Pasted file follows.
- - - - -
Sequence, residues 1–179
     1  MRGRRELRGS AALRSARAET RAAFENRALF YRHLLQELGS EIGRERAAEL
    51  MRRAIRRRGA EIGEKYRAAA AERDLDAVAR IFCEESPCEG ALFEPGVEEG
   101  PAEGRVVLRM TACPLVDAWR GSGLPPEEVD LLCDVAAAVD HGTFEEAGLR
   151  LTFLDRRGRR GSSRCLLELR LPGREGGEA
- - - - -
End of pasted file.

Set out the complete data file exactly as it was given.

Sequence, residues 1–179
     1  MRGRRELRGS AALRSARAET RAAFENRALF YRHLLQELGS EIGRERAAEL
    51  MRRAIRRRGA EIGEKYRAAA AERDLDAVAR IFCEESPCEG ALFEPGVEEG
   101  PAEGRVVLRM TACPLVDAWR GSGLPPEEVD LLCDVAAAVD HGTFEEAGLR
   151  LTFLDRRGRR GSSRCLLELR LPGREGGEA